Plaintiff’s motion for default judgment against Defendants Ferrish and Santiago was denied
without prejudice to being refiled after adjudication of the claims pending against all other
Defendants. See Order entered March 15, 2017 (Docket Entry No. 187).
Defendants intend to actively defend the action as pro se parties. See Docket Entry Nos. 200 and
Defendant Leslie Mitchell (“Mitchell”) was not listed as a defendant in the Complaint, but
was first named when Plaintiff filed a motion to amend his Complaint on June 10, 2014, asserting
that the person identified in the Complaint as “John Doe I” was Mitchell. See Docket Entry No. 50.
By Order entered July 29, 2014 (Docket Entry No. 61), the Court granted Plaintiff’s motion to
amend. Defendant Mitchell was served with process during the time period the case was stayed, and
he later appeared pro se and denied liability at a status conference held on June 29, 2016. See
Docket Entry No. 136 at 2. Although Plaintiff had filed a motion for entry of default against
Defendant Mitchell the day prior to the status conference, see Docket Entry No. 131, the motion was
apparently not discussed at the status conference or withdrawn, and default was entered against
Mitchell on July 18, 2016. See Docket Entry No. 143. Defendant Mitchell thereafter obtained
counsel, who filed the pending motion to dismiss in response to the Complaint and also obtained an
order setting aside the entry of default. See Order entered October 20, 2016 (Docket Entry No. 166).
II. THE MOTION TO DISMISS AND RESPONSE
In his motion, Defendant Mitchell raises the defense of the statue of limitations. He argues
that the claims brought against him are untimely because he was not named as a defendant until
Plaintiff amended his complaint, which occurred after the one year statute of limitations applicable
The last involvement of any of these Defendants appears to be when Defendant Burke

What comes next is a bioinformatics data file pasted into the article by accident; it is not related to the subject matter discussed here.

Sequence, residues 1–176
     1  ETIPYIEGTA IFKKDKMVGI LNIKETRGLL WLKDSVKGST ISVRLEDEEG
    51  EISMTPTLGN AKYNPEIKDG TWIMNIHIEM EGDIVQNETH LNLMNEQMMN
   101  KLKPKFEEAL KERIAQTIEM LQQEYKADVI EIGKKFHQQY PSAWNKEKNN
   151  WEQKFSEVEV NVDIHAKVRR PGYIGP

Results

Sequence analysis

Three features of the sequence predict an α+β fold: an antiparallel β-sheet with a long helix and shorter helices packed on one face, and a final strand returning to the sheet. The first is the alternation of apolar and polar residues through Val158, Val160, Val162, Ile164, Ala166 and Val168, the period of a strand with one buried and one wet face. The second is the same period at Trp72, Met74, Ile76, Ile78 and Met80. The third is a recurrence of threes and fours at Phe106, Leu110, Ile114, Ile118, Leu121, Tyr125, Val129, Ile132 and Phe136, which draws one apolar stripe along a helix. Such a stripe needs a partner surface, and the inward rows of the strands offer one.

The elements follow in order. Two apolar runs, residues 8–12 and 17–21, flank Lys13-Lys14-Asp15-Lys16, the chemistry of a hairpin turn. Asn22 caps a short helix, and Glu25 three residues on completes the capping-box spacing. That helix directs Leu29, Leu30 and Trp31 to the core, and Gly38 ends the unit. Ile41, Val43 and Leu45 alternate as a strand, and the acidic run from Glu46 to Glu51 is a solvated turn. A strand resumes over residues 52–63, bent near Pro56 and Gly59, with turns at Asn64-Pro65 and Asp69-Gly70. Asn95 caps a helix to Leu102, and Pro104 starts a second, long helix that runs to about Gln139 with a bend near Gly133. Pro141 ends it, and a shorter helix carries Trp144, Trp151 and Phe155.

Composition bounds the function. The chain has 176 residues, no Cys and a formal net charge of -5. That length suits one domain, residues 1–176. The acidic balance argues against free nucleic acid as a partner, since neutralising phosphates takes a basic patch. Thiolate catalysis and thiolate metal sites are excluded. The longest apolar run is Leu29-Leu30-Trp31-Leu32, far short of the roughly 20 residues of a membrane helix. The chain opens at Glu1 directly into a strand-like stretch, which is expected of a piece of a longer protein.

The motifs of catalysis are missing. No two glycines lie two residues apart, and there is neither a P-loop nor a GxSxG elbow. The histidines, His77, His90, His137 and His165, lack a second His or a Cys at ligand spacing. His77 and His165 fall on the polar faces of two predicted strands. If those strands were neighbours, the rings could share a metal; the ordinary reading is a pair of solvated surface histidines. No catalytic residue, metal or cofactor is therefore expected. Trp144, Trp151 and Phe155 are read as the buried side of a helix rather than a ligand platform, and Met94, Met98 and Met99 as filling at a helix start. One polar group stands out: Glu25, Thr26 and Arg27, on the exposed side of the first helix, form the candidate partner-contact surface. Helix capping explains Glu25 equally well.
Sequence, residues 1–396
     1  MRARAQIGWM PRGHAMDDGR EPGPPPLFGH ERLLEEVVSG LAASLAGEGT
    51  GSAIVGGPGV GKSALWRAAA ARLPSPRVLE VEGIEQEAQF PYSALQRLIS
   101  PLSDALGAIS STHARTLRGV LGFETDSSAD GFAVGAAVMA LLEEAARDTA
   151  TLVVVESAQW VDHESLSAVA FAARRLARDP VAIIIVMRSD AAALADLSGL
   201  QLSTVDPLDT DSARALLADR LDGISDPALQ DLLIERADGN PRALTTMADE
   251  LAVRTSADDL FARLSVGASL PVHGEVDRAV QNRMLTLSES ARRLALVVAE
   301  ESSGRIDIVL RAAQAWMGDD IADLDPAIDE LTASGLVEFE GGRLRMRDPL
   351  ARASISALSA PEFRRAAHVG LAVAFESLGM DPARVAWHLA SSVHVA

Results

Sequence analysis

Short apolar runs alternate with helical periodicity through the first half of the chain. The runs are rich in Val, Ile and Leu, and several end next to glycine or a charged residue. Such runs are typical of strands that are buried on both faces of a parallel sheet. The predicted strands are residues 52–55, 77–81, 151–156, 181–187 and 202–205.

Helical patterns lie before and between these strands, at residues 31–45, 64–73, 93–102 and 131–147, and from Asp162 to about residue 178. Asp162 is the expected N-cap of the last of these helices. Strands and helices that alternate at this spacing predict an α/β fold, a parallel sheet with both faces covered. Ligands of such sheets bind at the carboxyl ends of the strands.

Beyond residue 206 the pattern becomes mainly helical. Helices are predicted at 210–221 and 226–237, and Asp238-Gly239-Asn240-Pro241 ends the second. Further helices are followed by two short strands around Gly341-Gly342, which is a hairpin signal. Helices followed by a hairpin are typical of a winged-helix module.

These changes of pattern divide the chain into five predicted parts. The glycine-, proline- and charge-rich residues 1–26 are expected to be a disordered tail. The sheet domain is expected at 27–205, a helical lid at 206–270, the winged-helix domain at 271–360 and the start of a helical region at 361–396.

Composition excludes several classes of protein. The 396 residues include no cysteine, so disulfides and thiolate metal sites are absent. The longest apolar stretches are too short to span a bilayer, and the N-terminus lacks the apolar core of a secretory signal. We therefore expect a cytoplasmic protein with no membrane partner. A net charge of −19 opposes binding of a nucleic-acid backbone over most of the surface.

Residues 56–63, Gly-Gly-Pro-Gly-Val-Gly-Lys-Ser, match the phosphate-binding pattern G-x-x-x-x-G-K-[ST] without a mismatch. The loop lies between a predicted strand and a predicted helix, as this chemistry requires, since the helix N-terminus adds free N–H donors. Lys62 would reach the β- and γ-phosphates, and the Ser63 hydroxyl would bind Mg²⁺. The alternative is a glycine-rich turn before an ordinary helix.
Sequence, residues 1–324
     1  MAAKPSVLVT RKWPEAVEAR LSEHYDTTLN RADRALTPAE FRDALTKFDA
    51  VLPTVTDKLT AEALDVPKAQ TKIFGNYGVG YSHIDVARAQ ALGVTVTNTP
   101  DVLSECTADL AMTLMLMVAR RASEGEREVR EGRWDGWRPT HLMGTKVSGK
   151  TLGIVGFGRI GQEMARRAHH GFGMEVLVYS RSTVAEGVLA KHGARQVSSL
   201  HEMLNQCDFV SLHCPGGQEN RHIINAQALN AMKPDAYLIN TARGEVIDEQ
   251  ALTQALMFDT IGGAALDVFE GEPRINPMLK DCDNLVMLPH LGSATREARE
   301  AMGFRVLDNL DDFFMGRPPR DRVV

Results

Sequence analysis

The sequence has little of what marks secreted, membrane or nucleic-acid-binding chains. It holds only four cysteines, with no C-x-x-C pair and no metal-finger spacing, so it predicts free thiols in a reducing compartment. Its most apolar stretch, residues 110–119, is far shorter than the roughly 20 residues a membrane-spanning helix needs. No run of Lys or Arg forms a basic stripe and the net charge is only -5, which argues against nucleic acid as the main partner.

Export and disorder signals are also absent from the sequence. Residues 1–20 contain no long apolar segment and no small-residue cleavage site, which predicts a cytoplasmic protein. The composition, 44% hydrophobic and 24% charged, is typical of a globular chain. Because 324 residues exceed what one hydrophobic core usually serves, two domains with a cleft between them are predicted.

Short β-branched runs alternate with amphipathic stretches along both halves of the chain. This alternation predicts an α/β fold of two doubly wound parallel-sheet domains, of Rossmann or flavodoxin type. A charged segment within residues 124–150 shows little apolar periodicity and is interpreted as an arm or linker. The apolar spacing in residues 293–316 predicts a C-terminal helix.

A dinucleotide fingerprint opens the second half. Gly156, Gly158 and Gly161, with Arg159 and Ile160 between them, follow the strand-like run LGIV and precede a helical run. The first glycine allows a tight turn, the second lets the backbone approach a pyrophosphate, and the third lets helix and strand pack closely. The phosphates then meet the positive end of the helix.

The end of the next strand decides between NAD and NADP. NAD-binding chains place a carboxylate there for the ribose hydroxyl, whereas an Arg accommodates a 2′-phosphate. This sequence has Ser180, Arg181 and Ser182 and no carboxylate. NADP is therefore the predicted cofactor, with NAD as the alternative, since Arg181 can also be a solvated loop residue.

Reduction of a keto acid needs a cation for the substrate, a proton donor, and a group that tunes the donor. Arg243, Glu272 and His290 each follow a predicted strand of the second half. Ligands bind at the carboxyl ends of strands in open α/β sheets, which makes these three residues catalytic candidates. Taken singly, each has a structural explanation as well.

appeared pro se at the status conference held on June 29, 2016. See Docket Entry No. 136 at 2. A
recently filed motion (Docket Entry No. 206) indicates that Plaintiff’s counsel may have located
contact information for Defendants Burke and Fabish.
to Plaintiff’s claims had already expired. See Memorandum in Support (Docket Entry No. 157). In
response, Plaintiff argues, 1) that the amendment should relate back to his original complaint under
Rule 15(c) of the Federal Rules of Civil Procedure, rendering the claim against Defendant Mitchell
timely, and, 2) alternatively, that equitable tolling should apply to excuse any untimeliness of his
claim against Defendant Mitchell. See Response (Docket Entry No. 158). A reply and sur-reply
have also been filed by the parties. See Reply (Docket Entry No. 160) and Sur-reply (Docket Entry
The one year statute of limitations set out in Tenn. Code. Ann. § 28-3-104(a) applies to
Plaintiff’s claims against Defendant Mitchell. See Hughes v. Vanderbilt Univ., 215 F.3d 543, 547
(6th Cir. 2000); Berndt v. Tennessee, 796 F.2d 879, 883 (6th Cir. 1986). Claims accrue and the
statute of limitations period begins to run when Plaintiff knows or has reason “to know of the injury